In terms of pure yield potential, the best conventional, Bt, and BR varieties are superior to the best RR varieties. In trials in high yield situations, RR varieties are rarely near the top. It is not a matter of glyphosate adversely affecting yields of RR cotton. Repeated tests confirm that when properly applied, glyphosate does not reduce yield of RR cotton. It has to do with maximum yield potential. A review at the recent Beltwide indicated that in Asystems@ trials, RR cultivars averaged about 100 lb/A less than comparable BR varieties. No doubt, if comparisons of elite varieties (those with the highest yield potential) are made with RR varieties, the difference is even greater. Is RR technology worth a decrease of 100 lb/A or more in high yield environments? Arguably, RR offerings are a reasonable option in dry land production. In such conditions, factors other than genetic potential limit yield.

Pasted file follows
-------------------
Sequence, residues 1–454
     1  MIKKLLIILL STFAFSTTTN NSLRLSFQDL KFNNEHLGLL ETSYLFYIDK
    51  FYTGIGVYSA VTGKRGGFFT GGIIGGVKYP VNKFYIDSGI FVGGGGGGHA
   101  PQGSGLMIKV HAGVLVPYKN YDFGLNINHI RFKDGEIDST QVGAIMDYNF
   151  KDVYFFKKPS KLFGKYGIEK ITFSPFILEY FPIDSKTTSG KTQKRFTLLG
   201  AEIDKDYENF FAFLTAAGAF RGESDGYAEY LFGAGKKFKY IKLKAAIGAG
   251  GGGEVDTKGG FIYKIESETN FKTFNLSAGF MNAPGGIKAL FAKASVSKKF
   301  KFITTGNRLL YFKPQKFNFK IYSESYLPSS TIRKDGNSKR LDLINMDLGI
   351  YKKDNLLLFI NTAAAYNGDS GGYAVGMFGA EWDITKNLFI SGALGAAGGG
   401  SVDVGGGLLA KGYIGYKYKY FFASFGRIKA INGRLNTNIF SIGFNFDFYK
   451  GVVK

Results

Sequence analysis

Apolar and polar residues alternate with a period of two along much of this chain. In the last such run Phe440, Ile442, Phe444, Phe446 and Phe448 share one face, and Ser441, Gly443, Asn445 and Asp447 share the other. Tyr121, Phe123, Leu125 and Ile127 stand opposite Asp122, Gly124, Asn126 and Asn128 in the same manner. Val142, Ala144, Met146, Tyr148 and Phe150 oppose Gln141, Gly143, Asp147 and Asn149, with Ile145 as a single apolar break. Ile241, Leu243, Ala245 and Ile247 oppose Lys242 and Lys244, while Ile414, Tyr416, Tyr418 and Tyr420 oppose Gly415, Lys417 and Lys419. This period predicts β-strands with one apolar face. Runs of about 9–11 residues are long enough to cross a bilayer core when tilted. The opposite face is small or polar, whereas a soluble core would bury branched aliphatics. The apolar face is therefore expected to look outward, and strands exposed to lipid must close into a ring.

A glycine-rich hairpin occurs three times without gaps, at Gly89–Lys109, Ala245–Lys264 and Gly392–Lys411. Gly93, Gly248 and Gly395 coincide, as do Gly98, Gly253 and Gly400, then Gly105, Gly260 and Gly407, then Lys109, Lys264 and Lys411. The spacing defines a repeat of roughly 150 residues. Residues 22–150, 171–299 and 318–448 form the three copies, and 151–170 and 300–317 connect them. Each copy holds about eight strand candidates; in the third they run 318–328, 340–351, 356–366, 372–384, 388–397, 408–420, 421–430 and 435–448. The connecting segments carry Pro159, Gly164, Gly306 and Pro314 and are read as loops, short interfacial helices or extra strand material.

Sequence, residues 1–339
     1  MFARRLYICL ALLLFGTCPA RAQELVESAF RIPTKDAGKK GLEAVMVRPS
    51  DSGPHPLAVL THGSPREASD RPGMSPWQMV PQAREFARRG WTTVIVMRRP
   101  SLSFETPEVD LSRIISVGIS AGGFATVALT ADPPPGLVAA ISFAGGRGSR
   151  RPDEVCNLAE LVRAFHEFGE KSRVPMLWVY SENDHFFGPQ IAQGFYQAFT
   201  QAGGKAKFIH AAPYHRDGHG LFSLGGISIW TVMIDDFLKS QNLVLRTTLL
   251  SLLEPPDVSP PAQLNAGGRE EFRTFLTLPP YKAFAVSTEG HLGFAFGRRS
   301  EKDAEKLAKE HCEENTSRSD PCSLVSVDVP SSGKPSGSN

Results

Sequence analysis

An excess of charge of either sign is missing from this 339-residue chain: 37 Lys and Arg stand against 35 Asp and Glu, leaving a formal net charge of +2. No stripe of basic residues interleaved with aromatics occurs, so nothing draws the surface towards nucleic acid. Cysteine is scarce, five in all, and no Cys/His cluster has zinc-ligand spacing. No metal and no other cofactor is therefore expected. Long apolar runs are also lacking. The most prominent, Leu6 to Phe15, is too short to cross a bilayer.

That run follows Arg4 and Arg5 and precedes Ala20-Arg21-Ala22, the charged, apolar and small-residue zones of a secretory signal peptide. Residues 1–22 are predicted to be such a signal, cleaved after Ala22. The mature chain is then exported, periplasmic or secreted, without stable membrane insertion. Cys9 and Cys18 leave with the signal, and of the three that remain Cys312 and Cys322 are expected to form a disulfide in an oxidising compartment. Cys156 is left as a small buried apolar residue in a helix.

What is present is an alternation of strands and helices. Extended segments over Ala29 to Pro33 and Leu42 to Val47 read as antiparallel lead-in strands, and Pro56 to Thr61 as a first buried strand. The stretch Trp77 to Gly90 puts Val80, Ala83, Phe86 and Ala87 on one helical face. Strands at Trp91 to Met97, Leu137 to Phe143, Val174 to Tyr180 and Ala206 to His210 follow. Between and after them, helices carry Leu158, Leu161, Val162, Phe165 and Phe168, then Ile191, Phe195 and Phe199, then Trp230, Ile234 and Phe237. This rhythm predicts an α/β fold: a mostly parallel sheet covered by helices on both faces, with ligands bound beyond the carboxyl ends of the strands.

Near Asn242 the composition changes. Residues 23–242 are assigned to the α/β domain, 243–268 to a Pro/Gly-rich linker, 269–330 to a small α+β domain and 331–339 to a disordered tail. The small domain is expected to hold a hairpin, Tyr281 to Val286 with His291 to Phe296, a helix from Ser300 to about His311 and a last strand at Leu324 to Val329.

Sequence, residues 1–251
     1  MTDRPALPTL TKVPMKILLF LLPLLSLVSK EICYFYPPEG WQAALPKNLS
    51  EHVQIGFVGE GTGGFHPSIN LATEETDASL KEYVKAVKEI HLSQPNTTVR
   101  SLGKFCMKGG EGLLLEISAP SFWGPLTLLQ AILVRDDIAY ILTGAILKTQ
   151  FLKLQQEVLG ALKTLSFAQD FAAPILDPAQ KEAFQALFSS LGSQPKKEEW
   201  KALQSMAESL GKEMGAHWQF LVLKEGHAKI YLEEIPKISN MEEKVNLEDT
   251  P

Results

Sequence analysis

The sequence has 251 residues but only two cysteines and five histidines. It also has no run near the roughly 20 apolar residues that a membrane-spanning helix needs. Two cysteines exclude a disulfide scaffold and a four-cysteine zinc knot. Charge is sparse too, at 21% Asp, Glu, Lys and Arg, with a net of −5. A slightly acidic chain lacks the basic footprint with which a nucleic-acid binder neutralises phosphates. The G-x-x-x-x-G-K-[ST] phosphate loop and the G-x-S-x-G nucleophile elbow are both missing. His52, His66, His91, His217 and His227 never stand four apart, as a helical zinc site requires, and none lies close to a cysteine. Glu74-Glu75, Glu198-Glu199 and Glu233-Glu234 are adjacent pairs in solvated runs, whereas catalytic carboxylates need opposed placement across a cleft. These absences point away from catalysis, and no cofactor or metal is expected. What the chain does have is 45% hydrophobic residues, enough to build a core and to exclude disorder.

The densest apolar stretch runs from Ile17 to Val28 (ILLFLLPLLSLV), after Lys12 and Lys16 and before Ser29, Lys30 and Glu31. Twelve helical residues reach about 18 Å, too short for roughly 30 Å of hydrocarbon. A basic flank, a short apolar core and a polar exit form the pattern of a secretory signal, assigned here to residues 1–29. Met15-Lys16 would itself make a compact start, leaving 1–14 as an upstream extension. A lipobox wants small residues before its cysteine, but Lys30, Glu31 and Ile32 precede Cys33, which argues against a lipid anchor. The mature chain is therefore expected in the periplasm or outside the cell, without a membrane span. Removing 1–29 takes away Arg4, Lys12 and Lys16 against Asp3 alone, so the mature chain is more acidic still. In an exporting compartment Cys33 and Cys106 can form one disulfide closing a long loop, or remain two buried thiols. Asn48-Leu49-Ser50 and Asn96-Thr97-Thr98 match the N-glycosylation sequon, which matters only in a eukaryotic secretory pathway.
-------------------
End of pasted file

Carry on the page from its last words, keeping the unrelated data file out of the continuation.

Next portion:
An interjected caution is warranted. Data and experience continue to confirm the dangers of mis-application of glyphosate in RR cotton. Tardy over-the-top and sloppily applied directed treatments can reduce yields considerably. Yield losses greater than 50 percent have occurred in grower fields. Sloppy post applicationsBthose in 8-inch plus cotton that cover substantial portions of the stem and lower canopyBmay be the most harmful. Glyphosate can be absorbed through woody bark. Directed applications should be made with great precision toward the base of the crop plant with almost no contact with the stem or foliage, or preferably, conventional directed and layby herbicides can be substituted for glyphosate.